Do Overs, Part 1:
I stayed away from Ravenwood over the winter and didn’t visit again until almost the end of the school year, 1973. Baseball season was in full swing (pun intended) and so were preparations for final exams. I was feeling academic overload when I sat down at my typewriter that Saturday afternoon and decided to peek in on Ravenwood.
“She calls to you. She comes in many disguises. That is the way of Trickster,” a woman’s voice said as I entered the town at the eastern bank of Myers Creek beneath Cherry Street’s cement bridge. No one was there.
It was a warm sunny day, seventy degrees, and the perfect day to fish. I bobbed my fishing line and remembered the day I had met Vree at this spot.
The boy gave me the once-over after he slid down the creek’s embankment and entered the narrow strip of grassy underside below the steel bridge. “Hey,” he said to me, friendly but with a note of suspicion.
I said it back, then left him alone until his hook and bait were in the deep middle of the creek and a few cars had rumbled by overhead.
“Fish here often?” I asked when the disturbed dirt and dust had settled.
“Yeah.” He played his line. “Never seen you around before. Are you new to the neighborhood?”
I considered how to answer his question. “Just visiting,” I said.
He seemed okay with that, so I told him my name. He told me his: Liam Burkhart. “But my friends call me Lee.”
I smiled that he wanted us to be friends.
After we traded introductions, we did not speak again until I reeled in my empty hook, went to my tackle box, and closed it up. My head was full of thoughts about Vree and practically everything that had happened after I met her.
“Are you leaving?” he asked when I headed up the embankment.
“Looking up some old friends,” I said.
“Can I come along?”
I said okay and waited for him to reel in his line and catch up. We crossed the bridge and walked up the street. He said, “Who are they? Maybe I know them.”
“Dave and Amy Everly. They live on Myers Ridge.”
“I live on Myers Ridge,” Liam said. “Dave and Amy are my neighbors.”
I grinned. This was good news. I gambled my sudden happiness by asking, “Does their cousin, Vree Erikson, still live on Myers Ridge?”
“Do you know her?”
“We met a couple years ago.”
“She’s also a neighbor. She’s at a softball game.”
“Is she playing at the complex?” I asked. “I’d like to see her again.”
“Come on,” Liam said.
The ball fields were less than three blocks away. Liam led me to Vree’s game and we sat at the top row of the bleachers behind home plate. A pretty girl with curly brown hair sat a few feet to my right. She clapped and cheered for the team, New Gospel, to win.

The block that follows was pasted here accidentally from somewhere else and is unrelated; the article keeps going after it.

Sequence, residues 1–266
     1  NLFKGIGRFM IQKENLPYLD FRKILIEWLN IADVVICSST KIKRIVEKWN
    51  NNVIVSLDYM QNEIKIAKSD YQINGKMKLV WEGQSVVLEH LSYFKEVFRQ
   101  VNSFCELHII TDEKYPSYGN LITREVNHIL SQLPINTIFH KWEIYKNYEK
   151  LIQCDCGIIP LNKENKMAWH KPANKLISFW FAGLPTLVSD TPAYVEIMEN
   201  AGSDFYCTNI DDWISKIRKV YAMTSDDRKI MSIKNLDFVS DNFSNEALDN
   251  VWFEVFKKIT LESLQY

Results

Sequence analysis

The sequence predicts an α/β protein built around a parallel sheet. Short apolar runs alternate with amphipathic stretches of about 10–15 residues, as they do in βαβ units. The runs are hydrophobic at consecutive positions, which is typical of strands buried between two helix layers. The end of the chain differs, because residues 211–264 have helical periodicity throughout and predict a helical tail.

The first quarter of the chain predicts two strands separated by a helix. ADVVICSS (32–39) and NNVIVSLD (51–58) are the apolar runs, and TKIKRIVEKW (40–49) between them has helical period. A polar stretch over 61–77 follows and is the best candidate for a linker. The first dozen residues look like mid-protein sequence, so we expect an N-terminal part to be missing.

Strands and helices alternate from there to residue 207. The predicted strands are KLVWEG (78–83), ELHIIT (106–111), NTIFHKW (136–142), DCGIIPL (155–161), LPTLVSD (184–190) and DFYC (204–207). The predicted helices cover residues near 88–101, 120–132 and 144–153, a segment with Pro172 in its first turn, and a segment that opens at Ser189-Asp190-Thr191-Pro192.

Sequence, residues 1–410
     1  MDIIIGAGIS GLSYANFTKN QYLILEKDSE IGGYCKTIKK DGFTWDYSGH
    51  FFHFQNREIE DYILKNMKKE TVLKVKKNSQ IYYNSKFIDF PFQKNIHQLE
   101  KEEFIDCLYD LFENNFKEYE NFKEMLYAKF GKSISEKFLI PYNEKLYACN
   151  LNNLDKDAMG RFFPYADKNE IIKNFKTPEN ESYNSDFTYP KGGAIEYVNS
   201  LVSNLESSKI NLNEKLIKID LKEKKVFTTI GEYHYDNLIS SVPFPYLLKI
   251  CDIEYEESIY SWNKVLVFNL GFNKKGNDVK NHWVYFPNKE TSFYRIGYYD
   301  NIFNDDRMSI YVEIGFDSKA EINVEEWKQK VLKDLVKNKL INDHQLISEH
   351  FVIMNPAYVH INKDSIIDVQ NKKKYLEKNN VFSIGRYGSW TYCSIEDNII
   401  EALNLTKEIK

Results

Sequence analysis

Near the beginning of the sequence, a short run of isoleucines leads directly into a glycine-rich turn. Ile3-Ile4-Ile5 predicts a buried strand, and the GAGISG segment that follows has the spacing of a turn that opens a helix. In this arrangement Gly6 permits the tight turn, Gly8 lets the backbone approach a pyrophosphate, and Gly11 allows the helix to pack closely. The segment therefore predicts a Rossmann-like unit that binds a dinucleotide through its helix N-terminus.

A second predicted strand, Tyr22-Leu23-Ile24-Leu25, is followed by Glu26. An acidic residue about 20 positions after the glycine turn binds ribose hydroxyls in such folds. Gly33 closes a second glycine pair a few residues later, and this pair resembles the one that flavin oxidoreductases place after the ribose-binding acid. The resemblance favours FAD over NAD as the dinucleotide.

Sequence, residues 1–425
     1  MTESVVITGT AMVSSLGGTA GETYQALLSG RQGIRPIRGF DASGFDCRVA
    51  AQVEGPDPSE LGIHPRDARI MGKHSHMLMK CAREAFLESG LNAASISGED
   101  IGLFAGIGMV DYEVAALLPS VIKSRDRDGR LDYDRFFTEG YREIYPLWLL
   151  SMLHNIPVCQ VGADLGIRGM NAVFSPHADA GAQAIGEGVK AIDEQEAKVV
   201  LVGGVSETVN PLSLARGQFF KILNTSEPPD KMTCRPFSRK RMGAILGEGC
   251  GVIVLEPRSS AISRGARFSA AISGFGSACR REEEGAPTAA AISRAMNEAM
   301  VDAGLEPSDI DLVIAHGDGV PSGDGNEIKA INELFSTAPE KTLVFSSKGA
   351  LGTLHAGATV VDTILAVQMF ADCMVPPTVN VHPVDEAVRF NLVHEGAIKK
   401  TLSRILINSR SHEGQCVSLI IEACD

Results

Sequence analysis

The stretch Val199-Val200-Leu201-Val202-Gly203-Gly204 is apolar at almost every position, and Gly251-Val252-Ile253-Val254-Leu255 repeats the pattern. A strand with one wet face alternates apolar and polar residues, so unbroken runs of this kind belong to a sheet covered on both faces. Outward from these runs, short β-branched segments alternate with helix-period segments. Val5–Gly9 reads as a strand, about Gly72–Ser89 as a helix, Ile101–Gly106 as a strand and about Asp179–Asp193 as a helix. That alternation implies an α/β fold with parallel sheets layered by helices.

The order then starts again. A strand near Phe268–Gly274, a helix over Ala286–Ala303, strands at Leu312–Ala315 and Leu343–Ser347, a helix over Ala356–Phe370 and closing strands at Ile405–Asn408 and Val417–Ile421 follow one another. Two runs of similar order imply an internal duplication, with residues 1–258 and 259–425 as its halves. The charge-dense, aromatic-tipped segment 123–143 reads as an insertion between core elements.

“Who’s winning?” I asked her.
She stopped cheering and addressed me with a cool look. “Bottom of the seventh,” she said. “Nazarenes are up five to four.”
“I’m Steve,” I said, smiling at her. “Aren’t you Amy? Amy Everly?”
She squinted at me. “Do I know you?”
“We met … briefly … a couple years ago.”
“He came to see Vree,” Liam said.
Amy pointed at home plate. “That’s her at bat.”
The teams wore no uniforms, just T-shirts and jeans. Most of the girls wore ball caps and had their hair in ponytails, including Vree. She began the final half-inning by fouling a pitch from the Nazarene Church’s ace pitcher, Jenny Blake. Amy told Liam and me that Jenny had been throwing hot strikes all game and was still striking out batters.
Vree fouled the second pitch, which cleared the backstop and practically landed in my lap. Unlike the last time, I threw the ball back onto the field.
With two strikes under her belt, Jenny Blake’s next pitch came in low. In her excitement to get a hit, Vree swung at the pitch and missed. The ball scooted under the catcher and zipped straight to the backstop. Vree, aware of this, never hesitated. She raced to first base as the catcher caught up with the ball and threw to first base. The speedy Vree beat the throw.
The next batter headed to the batter’s box.
“Just make contact, Kendra,” Amy yelled.
“Trying for the long ball,” the third baseman yelled out to her teammates. Then to Jenny, “Throw her the heat.”
Kendra hit the first pitch—bang—into deep centerfield. It cleared the chain-link fence for a home run.
We stood and cheered, then I turned to Amy and asked, “Do you still play guitar?”
She raised an eyebrow. “Yes. Why?”
“I remember you had a band called ARC.”
“No. I have a band called The Amys.”
“Yes. We have some songs on the town’s radio station. You should give it a listen.”
“I will,” I said to her fleeting backside as she sprinted down the bleachers.
On the ball field, the teams had lined up along the third base line in a game ending ritual of touching hands and saying “Good game.”
This was it. Game over. Soon, I would meet Vree for the first time all over again.
To be continued.